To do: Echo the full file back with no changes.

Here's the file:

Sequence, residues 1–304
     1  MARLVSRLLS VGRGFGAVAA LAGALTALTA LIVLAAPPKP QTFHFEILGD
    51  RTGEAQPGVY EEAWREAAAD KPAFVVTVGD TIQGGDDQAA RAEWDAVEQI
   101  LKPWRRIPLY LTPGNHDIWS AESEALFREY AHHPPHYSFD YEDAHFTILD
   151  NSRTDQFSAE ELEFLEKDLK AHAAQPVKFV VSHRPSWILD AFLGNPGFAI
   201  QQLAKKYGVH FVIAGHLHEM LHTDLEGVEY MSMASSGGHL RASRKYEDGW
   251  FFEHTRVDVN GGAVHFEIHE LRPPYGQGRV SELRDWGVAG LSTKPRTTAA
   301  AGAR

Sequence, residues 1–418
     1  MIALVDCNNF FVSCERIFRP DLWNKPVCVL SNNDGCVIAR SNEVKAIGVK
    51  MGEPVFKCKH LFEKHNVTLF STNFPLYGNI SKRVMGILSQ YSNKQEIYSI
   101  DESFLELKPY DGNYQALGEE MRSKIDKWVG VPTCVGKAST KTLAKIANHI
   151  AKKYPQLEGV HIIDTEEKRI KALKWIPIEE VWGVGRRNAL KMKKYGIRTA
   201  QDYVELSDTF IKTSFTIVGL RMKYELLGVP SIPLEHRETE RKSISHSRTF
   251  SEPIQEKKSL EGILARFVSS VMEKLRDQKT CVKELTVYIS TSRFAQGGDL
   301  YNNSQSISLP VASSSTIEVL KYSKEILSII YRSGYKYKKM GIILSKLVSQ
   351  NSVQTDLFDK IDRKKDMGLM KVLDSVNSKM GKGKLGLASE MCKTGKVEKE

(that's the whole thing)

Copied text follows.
Sequence, residues 1–304
     1  MARLVSRLLS VGRGFGAVAA LAGALTALTA LIVLAAPPKP QTFHFEILGD
    51  RTGEAQPGVY EEAWREAAAD KPAFVVTVGD TIQGGDDQAA RAEWDAVEQI
   101  LKPWRRIPLY LTPGNHDIWS AESEALFREY AHHPPHYSFD YEDAHFTILD
   151  NSRTDQFSAE ELEFLEKDLK AHAAQPVKFV VSHRPSWILD AFLGNPGFAI
   201  QQLAKKYGVH FVIAGHLHEM LHTDLEGVEY MSMASSGGHL RASRKYEDGW
   251  FFEHTRVDVN GGAVHFEIHE LRPPYGQGRV SELRDWGVAG LSTKPRTTAA
   301  AGAR

Sequence, residues 1–418
     1  MIALVDCNNF FVSCERIFRP DLWNKPVCVL SNNDGCVIAR SNEVKAIGVK
    51  MGEPVFKCKH LFEKHNVTLF STNFPLYGNI SKRVMGILSQ YSNKQEIYSI
   101  DESFLELKPY DGNYQALGEE MRSKIDKWVG VPTCVGKAST KTLAKIANHI
   151  AKKYPQLEGV HIIDTEEKRI KALKWIPIEE VWGVGRRNAL KMKKYGIRTA
   201  QDYVELSDTF IKTSFTIVGL RMKYELLGVP SIPLEHRETE RKSISHSRTF
   251  SEPIQEKKSL EGILARFVSS VMEKLRDQKT CVKELTVYIS TSRFAQGGDL
   301  YNNSQSISLP VASSSTIEVL KYSKEILSII YRSGYKYKKM GIILSKLVSQ
   351  NSVQTDLFDK IDRKKDMGLM KVLDSVNSKM GKGKLGLASE MCKTGKVEKE